To every one, who reflects, the state of him, who lives in continual fear of death, is as deplorable as his, who has no hope of a future existence. The sun of superstition, and the votary of pleasure, will be equally distant from the rewards of a well spent life, as the bed of Procrustes was equally fatal to the tall and the short,
"Quo semel est imbuta recens,
THE analogy between the natural and moral world is evident to the most superficial observer. Hence the moralist adduces natural causes and effects, as arguments in support of morality. No simile, perhaps, has ever been used, more apt than our motto, to illustrate the importance of early education. This needs little illustration. It is equally obvious to the unenlightened and the civilized; to the savage and the philosopher. Both ancients and moderns concur in this grand truth,
"That education forms the tender mind-
Among the former, the education of youth was thought worthy of the public concern; and parents were often deprived of the government of their children, lest, by their indulgence, they might render them effeminate and useless to the state. This was a subject recom
mended by Solon and Lycurgus, as calculated to produce the most important effects. Indeed, if we survey human nature, we shall find nothing productive of so sensible effects as education. Were not the savage inured to scenes of horror in his youth, we should not behold him, when old, exceeding the tiger in ferocity. It is the mode of education that teaches a civilized person to avoid the commission of crimes, which, in his youth, he was taught to abhor; and to perform, himself, what in others, he had been instructed to reverence. This, subverting the usual order of things, renders woman audacious, and man effeminate. This, in a word, has power to humanize brutes, and to brutalize man.
The objects of instruction, have been various among different nations. In the early ages of antiquity, when every thing was subject to the passions; when the noble and generous feelings of the heart were either stifled or disregarded, and the qualities of the mind entirely neglected; children were only instructed in the means of gratifying their selfish desires. But, as mankind became more civilized, the passions were made subservient to reason, and the object of education became more worthy of man. Refinement succeeded barbarity and the cultivation of literature and the fine arts, that ennoble and adorn human nature, every where prevailed. In these arts, the youth of Greece were instructed. Such was the education of the Grecian poets, orators, and philosophers, who, by their writings, have left to succeeding ages only the power of admiring what they cannot equal.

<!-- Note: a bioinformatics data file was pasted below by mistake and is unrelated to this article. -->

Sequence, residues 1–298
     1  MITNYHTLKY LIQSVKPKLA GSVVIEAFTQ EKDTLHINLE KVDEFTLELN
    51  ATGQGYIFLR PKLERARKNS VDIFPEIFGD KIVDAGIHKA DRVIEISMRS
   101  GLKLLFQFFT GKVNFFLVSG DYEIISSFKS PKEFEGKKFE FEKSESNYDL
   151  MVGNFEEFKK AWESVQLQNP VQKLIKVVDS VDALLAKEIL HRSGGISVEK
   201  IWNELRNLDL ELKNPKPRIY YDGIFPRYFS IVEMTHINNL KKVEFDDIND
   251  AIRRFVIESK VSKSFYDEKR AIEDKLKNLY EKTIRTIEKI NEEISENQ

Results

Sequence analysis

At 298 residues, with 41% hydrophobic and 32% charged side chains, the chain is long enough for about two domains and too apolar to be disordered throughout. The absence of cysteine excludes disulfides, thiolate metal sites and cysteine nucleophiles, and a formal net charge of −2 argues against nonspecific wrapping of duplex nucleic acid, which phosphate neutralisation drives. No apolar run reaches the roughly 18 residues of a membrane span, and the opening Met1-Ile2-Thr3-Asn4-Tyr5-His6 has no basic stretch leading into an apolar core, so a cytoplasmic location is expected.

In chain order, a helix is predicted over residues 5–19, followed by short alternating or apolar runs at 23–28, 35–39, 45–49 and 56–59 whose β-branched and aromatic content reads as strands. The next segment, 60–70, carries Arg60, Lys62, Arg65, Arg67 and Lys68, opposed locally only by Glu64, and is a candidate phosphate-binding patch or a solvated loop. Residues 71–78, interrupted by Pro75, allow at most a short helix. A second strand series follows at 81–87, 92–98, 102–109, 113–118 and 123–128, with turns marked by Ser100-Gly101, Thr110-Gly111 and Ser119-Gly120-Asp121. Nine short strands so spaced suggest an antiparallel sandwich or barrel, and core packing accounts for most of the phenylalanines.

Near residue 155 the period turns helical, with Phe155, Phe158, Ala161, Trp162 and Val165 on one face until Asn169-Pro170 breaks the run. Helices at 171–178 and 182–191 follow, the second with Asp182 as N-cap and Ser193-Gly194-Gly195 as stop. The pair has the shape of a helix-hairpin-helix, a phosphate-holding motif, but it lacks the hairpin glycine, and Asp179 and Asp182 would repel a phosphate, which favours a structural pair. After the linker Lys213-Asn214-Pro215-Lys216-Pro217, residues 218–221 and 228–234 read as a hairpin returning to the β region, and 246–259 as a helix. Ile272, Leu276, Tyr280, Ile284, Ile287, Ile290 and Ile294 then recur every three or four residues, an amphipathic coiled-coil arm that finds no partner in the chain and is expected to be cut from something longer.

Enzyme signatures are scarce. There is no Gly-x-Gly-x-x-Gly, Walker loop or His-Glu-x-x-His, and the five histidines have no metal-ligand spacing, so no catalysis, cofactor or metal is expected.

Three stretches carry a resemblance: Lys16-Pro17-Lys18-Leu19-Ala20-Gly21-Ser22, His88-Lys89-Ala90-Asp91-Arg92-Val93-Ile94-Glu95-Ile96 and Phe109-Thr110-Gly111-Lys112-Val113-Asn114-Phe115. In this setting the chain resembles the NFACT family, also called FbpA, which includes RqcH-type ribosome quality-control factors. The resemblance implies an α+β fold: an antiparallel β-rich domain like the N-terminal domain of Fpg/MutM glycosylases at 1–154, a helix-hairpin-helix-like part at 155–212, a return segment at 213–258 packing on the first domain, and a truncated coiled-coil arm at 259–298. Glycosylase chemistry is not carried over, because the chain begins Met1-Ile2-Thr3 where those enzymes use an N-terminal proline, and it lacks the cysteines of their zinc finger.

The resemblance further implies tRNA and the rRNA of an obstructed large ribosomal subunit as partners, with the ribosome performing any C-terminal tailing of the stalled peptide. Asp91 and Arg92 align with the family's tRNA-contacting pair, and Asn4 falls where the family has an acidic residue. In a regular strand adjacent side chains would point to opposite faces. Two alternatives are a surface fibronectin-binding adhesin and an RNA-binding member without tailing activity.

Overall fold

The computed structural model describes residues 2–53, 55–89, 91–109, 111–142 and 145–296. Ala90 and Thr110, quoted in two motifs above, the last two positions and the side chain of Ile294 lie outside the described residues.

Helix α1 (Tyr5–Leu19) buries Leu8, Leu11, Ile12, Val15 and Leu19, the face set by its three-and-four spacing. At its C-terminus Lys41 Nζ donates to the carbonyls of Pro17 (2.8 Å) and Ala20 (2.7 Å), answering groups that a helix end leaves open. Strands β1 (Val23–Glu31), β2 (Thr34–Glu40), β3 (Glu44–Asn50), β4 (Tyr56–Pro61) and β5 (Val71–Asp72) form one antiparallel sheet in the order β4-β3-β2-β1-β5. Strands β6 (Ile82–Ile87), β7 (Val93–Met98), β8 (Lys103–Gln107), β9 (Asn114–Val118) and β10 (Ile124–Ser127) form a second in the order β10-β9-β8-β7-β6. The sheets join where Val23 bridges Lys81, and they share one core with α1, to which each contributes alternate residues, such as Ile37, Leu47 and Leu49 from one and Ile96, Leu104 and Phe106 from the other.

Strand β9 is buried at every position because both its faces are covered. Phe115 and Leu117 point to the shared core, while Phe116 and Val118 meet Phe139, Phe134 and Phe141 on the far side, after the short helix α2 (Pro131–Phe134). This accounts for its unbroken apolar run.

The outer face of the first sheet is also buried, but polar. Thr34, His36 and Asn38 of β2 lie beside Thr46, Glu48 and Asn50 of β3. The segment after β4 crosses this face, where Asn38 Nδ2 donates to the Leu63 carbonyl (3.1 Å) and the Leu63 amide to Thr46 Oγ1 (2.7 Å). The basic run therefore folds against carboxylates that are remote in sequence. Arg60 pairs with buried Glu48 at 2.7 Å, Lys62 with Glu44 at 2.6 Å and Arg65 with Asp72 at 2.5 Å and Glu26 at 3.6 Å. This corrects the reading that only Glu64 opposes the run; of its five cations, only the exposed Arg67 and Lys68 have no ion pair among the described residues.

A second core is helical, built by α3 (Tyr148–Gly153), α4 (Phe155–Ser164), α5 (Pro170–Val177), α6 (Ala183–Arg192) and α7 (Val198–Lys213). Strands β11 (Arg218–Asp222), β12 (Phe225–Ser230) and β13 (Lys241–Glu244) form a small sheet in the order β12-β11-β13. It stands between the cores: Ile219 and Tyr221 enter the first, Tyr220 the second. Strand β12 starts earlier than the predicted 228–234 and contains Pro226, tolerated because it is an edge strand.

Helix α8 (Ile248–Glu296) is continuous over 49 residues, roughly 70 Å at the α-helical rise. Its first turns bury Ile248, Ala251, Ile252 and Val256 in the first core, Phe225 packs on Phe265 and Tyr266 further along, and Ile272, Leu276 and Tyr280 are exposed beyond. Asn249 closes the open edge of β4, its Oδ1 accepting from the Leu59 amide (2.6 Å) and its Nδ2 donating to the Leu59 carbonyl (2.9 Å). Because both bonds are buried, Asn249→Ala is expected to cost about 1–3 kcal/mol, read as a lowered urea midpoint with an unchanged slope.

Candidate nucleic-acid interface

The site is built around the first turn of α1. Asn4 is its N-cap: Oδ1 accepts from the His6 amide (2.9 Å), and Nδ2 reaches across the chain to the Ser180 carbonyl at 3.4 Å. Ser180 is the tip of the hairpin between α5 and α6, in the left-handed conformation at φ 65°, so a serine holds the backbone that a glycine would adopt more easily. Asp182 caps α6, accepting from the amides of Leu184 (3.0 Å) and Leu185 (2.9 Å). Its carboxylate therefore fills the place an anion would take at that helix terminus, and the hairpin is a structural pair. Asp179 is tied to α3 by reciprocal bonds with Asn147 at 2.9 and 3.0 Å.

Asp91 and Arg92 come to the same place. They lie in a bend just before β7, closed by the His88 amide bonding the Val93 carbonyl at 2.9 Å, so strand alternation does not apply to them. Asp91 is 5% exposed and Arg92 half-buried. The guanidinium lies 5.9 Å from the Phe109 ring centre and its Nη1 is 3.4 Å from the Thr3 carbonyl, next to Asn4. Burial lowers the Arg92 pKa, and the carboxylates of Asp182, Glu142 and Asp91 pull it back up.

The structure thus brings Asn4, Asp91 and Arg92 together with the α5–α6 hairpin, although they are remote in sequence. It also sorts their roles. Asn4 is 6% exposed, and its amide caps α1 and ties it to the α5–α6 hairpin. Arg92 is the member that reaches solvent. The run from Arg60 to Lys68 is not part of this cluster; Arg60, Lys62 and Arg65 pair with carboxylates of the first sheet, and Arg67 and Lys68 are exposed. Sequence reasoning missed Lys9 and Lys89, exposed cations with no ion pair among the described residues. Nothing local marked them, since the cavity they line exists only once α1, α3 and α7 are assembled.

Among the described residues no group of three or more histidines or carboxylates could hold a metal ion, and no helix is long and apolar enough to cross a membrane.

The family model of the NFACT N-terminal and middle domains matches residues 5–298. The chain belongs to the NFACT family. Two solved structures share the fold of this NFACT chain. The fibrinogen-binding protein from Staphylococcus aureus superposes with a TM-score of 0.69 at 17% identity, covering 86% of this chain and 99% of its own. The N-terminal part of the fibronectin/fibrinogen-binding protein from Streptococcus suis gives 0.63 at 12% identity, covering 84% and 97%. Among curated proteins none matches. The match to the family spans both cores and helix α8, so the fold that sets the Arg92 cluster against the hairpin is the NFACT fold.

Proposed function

To illustrate any farther, the importance of early education is unnecessary. It must be evident to all, that, if there be a period in which the faculties are susceptible of improvement, and upon the management of which our future happiness essentially depends, it must be youth. In childhood, the principles of virtue and morality are to be inculcated. The word of God is to be explained, and his commands enforced; for he, who neglects them in youth, will disbelieve them in old age. If this period of our lives pass unimproved, our manhood will be vicious, our old age miserable: for
""Tis a truth, and none more plain appears,
XII. THE CHURCH-YARD.
You have sauntered, perhaps, of a moon-light evening, out of the precincts of the living, moving world, to linger and contemplate among the grass-grown memorials of those who are gone—
"The body to its place, and the soul to heaven's grace, And the rest in God's own time.”
An appalling chill shoots through the current of life, at the undisturbed and universal silence of the scenethe stars tranquilly shining on the white marble, and feebly illuminating the name, which friendship had carved for the slumberer beneath; here, the grass waving in rank luxuriance, as if to hide the triumphs and the trophies of death, and there a human bone unearthed from its time-worn sepulchre, a ghastly visiter to the realms of day—a wooden tablet, marking the repose of the humble; a cross, the sign of the sleeping believer, and lofty and magnificent memorials over the mortal relics of the wealthy and the great. Ah! who, in such an assemblage as this, can be accounted great! What gold survives the crucible of death !
We can learn nothing from the living, which the dead do not teach us. Would beauty be modest and unpretending, let her quit the ball and the festival for a moment, and carry her toilet to the tomb. Would the proud learn humility; the resentful, good nature; the penurious, charity; the frivolous, seriousness; the bigoted, philanthropy; would the scholar ascertain the true objects of knowledge; the man of the world, the true means of happiness, here and hereafter; and the ambitious, the true sources of greatness, let him retire awhile from the living, and commune with the dead. We must all come to the mournful silent level of the